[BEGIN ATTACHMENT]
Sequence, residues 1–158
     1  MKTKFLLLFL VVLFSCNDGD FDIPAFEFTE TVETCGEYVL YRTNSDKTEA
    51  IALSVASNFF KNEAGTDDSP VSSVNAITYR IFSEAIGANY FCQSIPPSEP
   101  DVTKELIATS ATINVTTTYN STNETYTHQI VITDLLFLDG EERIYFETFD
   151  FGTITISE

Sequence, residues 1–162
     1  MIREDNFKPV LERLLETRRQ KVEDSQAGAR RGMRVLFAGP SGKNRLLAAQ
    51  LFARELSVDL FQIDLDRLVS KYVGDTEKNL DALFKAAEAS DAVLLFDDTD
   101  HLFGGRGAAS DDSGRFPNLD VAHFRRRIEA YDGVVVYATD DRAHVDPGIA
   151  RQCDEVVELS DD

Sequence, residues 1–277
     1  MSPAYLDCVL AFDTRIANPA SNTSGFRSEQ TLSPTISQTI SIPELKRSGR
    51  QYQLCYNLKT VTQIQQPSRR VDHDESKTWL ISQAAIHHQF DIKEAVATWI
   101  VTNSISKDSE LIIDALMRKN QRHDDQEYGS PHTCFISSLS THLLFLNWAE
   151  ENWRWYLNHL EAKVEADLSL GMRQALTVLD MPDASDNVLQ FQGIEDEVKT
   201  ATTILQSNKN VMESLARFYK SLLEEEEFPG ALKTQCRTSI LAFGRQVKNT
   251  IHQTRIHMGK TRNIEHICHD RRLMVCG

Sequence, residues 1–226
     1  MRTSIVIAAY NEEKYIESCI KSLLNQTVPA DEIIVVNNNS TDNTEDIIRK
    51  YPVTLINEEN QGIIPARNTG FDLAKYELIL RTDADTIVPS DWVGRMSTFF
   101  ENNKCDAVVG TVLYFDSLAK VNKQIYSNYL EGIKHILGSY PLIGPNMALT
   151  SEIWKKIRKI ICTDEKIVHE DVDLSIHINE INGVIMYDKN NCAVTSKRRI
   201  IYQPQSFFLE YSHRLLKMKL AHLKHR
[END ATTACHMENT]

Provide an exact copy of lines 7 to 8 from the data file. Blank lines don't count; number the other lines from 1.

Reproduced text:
     1  MIREDNFKPV LERLLETRRQ KVEDSQAGAR RGMRVLFAGP SGKNRLLAAQ
    51  LFARELSVDL FQIDLDRLVS KYVGDTEKNL DALFKAAEAS DAVLLFDDTD